The operation is also performed in a minimally invasive manner. With the gastric sleeve technique, the stomach is reduced in size by approx. 80% and even then, still maintains a filling volume of approx. 150 - 180 ml. This causes a faster and more persistent feeling of satiety. In this procedure, the stomach is separated from the rest of the stomach at the outer bend with a so-called staple suture device. Removing most of the stomach also reduces the cells that produce the ghrelin hormone, which is related to the feeling of hunger and thus reduces the constant hunger pangs and cravings.
This surgical method has so far achieved similarly positive results in terms of weight loss in the short- to medium-term observation phase. It should thereby be noted that, in contrast to the gastric bypass, sleeve gastrectomy has only been performed as the sole weight-reducing technique for approximately 10 years and is therefore still considered as one of the more recent methods. In the early 1990s, the gastric sleeve resection was only used as an initial surgery for the most severe obesity, to be converted into a gastric bypass or biliopancreatic diversion in a second step. On account of the positive results following the initial operation, the second operation was increasingly dispensed with. An additional dose of self-discipline is required in the case of the sleeve gastrectomy for long-term success.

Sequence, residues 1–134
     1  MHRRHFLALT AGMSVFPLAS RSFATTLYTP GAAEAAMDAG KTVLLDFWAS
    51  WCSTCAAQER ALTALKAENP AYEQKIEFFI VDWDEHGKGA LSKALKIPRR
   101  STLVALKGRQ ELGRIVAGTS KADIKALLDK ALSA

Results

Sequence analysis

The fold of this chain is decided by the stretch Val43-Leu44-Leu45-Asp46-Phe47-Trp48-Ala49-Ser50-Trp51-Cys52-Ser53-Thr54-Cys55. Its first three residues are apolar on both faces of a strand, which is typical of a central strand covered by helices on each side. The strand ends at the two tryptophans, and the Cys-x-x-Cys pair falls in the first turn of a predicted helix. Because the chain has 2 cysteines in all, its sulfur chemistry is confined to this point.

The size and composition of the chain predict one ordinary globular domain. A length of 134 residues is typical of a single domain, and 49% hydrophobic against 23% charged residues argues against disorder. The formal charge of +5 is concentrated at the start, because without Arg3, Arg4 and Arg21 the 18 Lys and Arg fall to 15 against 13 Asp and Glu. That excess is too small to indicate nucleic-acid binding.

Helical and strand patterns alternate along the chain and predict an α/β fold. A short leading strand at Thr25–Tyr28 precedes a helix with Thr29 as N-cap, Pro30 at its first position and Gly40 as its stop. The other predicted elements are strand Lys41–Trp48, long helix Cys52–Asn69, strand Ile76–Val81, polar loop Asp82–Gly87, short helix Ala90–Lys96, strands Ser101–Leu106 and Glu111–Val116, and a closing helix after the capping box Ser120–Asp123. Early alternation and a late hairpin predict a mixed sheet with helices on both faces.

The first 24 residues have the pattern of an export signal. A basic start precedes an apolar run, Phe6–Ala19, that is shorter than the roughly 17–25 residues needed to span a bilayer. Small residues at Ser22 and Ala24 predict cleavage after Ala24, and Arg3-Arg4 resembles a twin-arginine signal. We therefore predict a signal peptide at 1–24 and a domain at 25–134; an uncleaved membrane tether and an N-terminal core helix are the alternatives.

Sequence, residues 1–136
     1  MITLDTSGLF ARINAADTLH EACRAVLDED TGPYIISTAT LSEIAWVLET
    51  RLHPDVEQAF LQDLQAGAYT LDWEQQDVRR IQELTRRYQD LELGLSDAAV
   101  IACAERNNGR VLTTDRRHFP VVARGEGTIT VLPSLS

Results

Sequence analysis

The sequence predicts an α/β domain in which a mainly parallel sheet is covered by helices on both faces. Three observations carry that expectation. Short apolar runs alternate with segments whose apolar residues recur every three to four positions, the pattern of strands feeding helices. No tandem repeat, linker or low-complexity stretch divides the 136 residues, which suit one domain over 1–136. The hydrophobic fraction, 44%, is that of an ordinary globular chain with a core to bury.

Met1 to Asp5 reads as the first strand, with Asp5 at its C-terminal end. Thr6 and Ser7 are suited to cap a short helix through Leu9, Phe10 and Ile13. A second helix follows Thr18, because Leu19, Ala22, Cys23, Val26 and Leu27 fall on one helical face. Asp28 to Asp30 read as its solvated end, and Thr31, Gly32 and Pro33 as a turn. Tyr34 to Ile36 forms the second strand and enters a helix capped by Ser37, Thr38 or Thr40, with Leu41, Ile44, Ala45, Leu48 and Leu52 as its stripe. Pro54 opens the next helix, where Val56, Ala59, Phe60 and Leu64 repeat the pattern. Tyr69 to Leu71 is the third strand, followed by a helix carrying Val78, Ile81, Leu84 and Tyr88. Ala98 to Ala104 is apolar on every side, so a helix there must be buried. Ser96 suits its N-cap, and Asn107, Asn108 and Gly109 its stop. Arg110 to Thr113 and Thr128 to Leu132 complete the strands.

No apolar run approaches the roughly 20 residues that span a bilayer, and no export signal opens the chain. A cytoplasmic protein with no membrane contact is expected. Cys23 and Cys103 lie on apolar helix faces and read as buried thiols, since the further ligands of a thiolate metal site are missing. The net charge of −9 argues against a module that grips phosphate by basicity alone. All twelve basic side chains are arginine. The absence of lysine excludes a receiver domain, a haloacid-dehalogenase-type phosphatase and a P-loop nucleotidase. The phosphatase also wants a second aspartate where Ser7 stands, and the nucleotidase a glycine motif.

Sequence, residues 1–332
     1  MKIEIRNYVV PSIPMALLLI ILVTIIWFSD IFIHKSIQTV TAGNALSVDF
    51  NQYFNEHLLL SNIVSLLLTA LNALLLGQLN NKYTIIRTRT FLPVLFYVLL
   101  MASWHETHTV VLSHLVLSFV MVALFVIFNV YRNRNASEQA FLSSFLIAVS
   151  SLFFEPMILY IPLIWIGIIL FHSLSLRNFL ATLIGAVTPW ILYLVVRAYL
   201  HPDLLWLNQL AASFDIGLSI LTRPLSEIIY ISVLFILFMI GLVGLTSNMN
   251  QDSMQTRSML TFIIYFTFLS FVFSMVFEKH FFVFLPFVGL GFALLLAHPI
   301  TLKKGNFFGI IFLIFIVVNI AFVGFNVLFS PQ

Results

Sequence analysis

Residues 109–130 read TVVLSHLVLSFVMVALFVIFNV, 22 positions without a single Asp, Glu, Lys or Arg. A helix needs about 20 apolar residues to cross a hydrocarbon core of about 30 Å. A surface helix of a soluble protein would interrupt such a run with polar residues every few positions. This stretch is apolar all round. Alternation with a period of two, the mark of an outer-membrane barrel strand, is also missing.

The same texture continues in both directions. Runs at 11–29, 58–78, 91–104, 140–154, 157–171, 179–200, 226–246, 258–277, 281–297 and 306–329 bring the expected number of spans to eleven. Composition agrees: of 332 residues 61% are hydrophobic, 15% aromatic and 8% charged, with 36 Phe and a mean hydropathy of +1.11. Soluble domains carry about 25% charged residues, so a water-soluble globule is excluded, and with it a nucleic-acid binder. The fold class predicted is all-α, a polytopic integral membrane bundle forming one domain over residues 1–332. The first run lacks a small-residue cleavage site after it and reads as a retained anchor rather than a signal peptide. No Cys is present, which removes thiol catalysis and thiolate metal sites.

In addition, the reduced mobility of the gastric sleeve can cause increased reflux symptoms. If weight loss is insufficient or reflux is severe, the gastric sleeve can later be converted into a gastric bypass. Vitamin and mineral substitution are also required in the case of the gastric sleeve.
Hospital stay: most patients can leave the hospital after 3-4 days.